It’s been three years since the shambling horror-comedy The Revenant was a sensation on the festival circuit, but while the long stay in distribution limbo has had an impact on one of the movie’s biggest cultural references, The Revenant remains more clever than rickety. David Anders stars as a soldier who gets killed in Iraq—there’s that no-longer-of-the-moment cultural reference—and shipped home to California, where he rises from the dead and shows up on the doorstep of his slacker buddy Chris Wylde. With the help of the Internet, Wylde determines that Anders isn’t a zombie or a vampire but rather a revenant, a bloodthirsty corporeal ghost with unfinished business among the living. Then, through a series of coincidences, Anders and Wylde become gun-slinging superheroes of a sort, with Anders feeding off the thieves and drug dealers they kill during their nightly excursions. And all the while, Anders and Wylde try to figure out whether the undead have a purpose in this world.
The Revenant builds too slowly, and the characters can’t seem to utter a sentence without some variant of “fuck” between every word, which gets tiresome. But writer-director-producer-editor D. Kerry Prior has worked in effects departments on big and small movies since the ’80s, so he knows how to make bloody vomit, splattery gunfights, and disembodied heads look both disgusting and funny. He’s pretty good with actors, too: Wylde has a scruffy wit not unlike a young Michael Keaton, and he and Anders make a winning pair as they tool around L.A., killing gangsters and guzzling booze and blood.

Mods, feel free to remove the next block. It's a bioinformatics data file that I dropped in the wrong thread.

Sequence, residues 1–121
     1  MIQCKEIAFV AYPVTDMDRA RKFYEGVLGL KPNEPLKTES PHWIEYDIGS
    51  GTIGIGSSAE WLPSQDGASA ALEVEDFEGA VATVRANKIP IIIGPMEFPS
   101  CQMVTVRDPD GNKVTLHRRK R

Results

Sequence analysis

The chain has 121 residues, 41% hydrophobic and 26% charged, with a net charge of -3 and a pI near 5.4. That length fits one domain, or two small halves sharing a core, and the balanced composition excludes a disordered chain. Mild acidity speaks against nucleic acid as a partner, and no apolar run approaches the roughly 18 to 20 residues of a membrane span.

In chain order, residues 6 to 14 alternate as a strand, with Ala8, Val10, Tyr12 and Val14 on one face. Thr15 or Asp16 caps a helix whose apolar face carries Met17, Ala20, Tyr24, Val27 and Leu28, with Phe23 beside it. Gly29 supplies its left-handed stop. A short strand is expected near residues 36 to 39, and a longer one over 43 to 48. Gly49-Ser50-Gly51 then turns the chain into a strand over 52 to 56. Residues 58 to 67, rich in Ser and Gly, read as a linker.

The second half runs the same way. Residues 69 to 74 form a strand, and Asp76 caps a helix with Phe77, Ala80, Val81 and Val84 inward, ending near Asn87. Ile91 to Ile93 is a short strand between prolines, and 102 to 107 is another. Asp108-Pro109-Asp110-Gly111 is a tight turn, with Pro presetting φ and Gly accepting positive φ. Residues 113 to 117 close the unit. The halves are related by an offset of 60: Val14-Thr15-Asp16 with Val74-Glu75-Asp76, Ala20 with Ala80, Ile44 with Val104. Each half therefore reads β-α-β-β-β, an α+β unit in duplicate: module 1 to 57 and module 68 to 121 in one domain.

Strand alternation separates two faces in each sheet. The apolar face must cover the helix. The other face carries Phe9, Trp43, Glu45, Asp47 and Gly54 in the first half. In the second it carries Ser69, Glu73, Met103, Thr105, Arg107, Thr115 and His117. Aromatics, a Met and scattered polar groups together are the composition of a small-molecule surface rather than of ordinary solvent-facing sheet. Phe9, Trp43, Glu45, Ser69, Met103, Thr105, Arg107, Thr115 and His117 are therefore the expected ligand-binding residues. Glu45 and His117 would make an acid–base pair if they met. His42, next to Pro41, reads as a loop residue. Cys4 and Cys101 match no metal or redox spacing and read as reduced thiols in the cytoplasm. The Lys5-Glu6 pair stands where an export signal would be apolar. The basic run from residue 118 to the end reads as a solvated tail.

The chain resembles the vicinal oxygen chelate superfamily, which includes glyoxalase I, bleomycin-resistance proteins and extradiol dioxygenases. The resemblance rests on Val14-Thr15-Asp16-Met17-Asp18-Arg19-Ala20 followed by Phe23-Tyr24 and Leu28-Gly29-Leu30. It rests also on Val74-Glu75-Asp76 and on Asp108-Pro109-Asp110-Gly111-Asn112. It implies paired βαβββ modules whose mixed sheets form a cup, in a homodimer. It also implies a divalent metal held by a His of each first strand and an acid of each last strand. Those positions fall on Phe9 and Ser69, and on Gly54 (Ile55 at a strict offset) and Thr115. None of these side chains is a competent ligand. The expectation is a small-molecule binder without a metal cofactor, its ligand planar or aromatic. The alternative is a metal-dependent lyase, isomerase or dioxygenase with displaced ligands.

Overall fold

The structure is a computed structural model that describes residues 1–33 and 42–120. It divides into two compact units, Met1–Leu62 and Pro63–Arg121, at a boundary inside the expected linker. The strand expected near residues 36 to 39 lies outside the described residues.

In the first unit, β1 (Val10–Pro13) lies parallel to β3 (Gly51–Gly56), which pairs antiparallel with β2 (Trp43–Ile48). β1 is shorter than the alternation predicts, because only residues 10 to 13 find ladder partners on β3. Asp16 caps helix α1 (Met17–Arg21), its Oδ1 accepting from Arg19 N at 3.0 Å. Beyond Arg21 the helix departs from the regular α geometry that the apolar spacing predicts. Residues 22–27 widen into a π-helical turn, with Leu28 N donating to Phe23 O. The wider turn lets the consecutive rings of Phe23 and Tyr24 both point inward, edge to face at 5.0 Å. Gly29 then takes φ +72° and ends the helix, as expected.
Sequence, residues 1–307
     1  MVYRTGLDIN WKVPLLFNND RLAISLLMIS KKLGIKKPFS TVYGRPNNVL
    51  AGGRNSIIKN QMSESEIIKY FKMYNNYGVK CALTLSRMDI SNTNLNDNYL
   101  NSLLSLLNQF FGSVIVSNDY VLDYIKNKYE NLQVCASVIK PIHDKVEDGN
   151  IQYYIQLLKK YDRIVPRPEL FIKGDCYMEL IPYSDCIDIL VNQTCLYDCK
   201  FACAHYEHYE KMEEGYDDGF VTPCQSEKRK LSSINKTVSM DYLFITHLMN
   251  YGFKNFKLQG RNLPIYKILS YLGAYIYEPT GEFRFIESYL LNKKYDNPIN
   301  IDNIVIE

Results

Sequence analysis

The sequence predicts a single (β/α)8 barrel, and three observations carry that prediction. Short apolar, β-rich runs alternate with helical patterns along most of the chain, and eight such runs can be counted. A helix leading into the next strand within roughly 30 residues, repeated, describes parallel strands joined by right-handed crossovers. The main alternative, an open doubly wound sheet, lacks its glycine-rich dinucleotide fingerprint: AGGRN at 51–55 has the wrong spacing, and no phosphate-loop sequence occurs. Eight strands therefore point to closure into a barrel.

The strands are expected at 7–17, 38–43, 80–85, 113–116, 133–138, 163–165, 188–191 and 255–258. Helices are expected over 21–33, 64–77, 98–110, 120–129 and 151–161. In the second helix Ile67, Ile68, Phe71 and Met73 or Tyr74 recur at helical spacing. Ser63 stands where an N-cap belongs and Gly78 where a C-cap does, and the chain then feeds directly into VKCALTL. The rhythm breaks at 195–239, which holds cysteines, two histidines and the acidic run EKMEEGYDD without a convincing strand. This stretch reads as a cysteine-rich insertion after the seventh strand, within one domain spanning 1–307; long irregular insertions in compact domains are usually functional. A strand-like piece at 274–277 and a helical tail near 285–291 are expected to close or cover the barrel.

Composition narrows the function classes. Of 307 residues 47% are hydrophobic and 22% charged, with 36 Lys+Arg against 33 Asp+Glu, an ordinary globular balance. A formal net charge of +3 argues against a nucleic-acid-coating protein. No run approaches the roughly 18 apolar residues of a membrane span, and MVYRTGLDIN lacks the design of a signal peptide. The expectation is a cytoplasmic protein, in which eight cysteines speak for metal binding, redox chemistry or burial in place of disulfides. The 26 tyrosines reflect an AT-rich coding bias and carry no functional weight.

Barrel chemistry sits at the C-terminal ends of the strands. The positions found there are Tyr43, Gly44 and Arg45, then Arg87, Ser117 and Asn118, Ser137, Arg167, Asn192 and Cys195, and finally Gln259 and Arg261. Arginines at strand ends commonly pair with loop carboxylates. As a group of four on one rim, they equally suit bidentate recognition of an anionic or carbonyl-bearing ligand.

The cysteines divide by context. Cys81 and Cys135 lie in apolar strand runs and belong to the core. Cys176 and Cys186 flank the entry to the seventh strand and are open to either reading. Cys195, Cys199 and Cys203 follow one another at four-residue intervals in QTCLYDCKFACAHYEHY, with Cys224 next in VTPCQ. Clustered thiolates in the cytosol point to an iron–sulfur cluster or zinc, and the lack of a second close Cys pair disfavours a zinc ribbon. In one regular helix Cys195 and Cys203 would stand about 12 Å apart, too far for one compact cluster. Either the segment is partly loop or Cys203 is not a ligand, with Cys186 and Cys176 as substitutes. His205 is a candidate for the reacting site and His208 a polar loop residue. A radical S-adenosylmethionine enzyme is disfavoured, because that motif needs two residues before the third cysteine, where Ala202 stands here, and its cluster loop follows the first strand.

What really helps The Revenant overcome its pacing and dialogue weaknesses, though, is that Prior thinks through his premise—which is traditionally the key to good comedy and good genre films. When Anders first awakens, he has Wylde take him to the hospital, where he describes his condition on his admittance form as “General Malaise.” When a severed head tries to pass on important information, Anders holds a vibrator to its throat to generate sound. At every step in the story, Prior thinks about what makes logical sense, what illuminates the characters, and what’ll get a laugh, rather than just pushing ahead to whatever preordained point he wants to reach. The result is a horror film that progresses organically and unpredictably, even willing to take a turn for the tragic, if that’s what’s inevitable.